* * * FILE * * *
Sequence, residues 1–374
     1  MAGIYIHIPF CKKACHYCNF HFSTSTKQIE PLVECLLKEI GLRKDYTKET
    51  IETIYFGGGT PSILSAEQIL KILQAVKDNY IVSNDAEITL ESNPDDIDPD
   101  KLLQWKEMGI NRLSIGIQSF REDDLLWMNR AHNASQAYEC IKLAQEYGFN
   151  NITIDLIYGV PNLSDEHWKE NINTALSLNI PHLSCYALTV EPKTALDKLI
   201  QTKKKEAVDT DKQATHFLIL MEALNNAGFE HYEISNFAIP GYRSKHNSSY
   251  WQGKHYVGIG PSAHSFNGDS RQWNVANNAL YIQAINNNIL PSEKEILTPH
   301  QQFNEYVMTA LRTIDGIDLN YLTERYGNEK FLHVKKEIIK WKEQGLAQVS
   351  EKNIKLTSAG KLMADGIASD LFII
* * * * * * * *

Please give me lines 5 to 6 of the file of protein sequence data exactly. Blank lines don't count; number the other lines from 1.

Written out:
   151  NITIDLIYGV PNLSDEHWKE NINTALSLNI PHLSCYALTV EPKTALDKLI
   201  QTKKKEAVDT DKQATHFLIL MEALNNAGFE HYEISNFAIP GYRSKHNSSY